4. Relevant issues. A compelling presentation is necessary to stop the consumer, but relevant issues are necessary to hold the consumer. The wonderfully entertaining but totally irrelevant messages will also hold the consumer attention, but they dont necessarily sells the product.
  5. Relevant audience. Target market is an issue throughout the development of the campaign.

Very important moment in creating the ad and especially in choosing the message is to clearly and correctly set the objectives. The objective has four components:

  1. Target market
  2. Task of advertising
  3. Time period within which to accomplish task
  4. Amount of change to achieve within target

Only the first two of these will be relevant to message objectives; time period and amount of change are more relevant for the media and promotions areas. Although the objectives here will just be concerned with the target and task, it is still necessary to achieve a high level of precision in the objective statement. It will also be useful (and should be required) to justify each of the component parts .

It is often said that objectives and strategies are the enemies of creativity, that objectives and strategies stifle, restrict, and confine, that strategies should only provide guidelines. These statements almost always come from writers or artists and show a lack of concern for the business of the client and for the ultimate need to influence behavior.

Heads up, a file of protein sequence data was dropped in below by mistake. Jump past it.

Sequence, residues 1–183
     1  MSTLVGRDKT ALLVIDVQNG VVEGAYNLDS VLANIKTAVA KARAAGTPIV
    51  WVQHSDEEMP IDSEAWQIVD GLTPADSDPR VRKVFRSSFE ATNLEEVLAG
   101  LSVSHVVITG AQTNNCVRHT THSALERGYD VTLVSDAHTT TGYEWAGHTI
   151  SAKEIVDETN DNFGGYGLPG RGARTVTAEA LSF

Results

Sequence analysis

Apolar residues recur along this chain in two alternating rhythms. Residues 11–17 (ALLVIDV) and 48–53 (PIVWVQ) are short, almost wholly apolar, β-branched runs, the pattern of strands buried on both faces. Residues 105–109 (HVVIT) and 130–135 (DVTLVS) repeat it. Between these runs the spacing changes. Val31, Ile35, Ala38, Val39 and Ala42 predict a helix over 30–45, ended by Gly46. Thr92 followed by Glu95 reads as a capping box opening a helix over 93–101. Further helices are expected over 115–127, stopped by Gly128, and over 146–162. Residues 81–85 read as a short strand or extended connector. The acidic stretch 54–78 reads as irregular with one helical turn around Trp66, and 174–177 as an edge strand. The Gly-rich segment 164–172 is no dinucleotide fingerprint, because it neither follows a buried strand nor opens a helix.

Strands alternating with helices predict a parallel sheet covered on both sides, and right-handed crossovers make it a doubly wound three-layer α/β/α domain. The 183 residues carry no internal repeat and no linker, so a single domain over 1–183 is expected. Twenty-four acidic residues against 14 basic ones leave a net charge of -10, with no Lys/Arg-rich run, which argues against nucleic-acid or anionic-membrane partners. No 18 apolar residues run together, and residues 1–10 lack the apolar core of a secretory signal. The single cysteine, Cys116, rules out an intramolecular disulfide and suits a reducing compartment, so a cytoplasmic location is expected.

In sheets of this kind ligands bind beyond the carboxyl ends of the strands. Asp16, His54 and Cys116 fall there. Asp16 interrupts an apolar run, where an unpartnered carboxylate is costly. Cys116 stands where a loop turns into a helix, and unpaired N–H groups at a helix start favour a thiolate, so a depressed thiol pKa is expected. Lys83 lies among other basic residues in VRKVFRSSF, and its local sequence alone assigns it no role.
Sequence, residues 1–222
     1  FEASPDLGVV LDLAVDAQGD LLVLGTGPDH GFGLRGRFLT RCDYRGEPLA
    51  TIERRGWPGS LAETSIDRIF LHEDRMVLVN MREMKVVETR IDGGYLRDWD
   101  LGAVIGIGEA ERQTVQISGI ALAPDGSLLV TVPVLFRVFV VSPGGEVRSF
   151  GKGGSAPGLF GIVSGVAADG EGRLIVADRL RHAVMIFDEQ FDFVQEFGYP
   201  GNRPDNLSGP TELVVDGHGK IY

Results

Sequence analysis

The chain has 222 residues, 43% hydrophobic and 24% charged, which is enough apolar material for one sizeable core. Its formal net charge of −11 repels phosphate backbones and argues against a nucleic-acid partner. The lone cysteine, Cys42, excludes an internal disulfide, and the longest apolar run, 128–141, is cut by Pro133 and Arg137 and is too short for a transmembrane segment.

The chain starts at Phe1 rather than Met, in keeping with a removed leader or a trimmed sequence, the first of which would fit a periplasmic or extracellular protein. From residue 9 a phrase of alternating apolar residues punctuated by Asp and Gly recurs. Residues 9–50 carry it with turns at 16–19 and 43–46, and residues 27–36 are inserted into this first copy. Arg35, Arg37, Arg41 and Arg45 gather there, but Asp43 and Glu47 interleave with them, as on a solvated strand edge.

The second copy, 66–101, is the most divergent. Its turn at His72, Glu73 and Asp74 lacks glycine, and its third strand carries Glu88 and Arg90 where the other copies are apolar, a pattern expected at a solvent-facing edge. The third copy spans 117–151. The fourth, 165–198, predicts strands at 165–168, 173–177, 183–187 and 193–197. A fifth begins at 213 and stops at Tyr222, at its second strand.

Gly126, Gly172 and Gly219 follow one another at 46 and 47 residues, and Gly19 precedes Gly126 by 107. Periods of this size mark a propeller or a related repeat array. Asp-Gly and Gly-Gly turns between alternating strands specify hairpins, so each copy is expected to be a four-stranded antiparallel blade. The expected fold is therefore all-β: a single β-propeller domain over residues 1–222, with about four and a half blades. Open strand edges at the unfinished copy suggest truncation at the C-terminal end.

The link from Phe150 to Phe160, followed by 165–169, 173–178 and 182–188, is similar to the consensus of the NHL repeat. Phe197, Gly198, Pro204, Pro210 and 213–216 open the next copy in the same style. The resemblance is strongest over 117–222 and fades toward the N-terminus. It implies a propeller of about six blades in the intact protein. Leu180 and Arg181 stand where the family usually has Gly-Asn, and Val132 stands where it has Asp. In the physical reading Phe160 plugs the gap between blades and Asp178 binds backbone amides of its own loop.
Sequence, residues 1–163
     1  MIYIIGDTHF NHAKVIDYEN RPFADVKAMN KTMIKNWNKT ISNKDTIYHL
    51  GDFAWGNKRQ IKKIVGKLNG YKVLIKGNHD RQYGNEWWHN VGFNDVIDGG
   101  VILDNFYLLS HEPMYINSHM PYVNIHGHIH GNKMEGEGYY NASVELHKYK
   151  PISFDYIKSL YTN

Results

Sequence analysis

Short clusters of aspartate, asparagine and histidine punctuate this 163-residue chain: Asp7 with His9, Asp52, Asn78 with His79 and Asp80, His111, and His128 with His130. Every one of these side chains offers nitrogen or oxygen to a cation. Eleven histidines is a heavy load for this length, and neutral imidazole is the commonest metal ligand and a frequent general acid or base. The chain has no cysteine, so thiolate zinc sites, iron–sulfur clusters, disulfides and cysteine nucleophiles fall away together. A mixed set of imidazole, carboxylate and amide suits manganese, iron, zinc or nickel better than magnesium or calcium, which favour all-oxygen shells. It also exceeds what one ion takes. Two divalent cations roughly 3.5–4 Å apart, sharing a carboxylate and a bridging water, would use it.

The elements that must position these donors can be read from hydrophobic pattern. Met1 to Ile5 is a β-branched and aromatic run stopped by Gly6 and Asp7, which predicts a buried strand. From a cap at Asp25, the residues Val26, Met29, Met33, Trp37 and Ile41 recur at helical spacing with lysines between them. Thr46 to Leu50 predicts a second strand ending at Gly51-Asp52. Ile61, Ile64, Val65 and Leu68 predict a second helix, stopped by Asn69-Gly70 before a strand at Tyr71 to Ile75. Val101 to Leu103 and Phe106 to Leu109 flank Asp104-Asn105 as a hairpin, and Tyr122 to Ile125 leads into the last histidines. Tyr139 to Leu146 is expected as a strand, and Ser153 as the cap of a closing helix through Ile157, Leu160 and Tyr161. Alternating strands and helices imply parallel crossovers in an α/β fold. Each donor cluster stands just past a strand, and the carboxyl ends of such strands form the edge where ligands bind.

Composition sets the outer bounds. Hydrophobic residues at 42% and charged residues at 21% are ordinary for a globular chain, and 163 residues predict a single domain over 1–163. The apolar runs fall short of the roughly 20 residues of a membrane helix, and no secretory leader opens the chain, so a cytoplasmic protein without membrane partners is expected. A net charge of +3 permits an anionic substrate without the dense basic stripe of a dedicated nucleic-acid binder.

Of course, the complaints are accurate. Objectives and strategies do stifle, restrict and confine. That is their purpose. Given the level of competition in most product classes and the perceptual defenses put up by most consumers, it is important to direct creativity. It is important that the creative work be on the mark so that it accomplishes the proper task on the proper target market. This doesn't stifle real creativity. Real creativity leads to the development of a unique, memorable, forceful message that is also consistent with the campaign objectives. Remember, it's not creative unless it sells.

As David Ogilvy wrote, "What you have to say is more important than how you say it. Your most important job is to decide what you are going to say about your product, what benefit you are going to promise."

Ed Meyer, head of Grey Advertising, says, "The stimulation of creative advertising starts with the clear articulation of its objectives."

And Dick Rowan of Marschalk Advertising says, "The trouble with most advertising is that few people ever stop to think through the marketing problem and objectives first. "

The rigor i